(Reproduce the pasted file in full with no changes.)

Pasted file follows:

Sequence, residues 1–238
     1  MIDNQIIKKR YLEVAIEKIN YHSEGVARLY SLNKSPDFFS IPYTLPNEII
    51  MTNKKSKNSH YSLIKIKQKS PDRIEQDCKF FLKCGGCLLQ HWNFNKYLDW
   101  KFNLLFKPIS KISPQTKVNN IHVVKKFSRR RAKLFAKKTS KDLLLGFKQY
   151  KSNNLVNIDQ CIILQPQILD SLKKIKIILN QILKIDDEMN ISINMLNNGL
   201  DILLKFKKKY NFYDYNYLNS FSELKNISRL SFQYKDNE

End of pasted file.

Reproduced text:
Sequence, residues 1–238
     1  MIDNQIIKKR YLEVAIEKIN YHSEGVARLY SLNKSPDFFS IPYTLPNEII
    51  MTNKKSKNSH YSLIKIKQKS PDRIEQDCKF FLKCGGCLLQ HWNFNKYLDW
   101  KFNLLFKPIS KISPQTKVNN IHVVKKFSRR RAKLFAKKTS KDLLLGFKQY
   151  KSNNLVNIDQ CIILQPQILD SLKKIKIILN QILKIDDEMN ISINMLNNGL
   201  DILLKFKKKY NFYDYNYLNS FSELKNISRL SFQYKDNE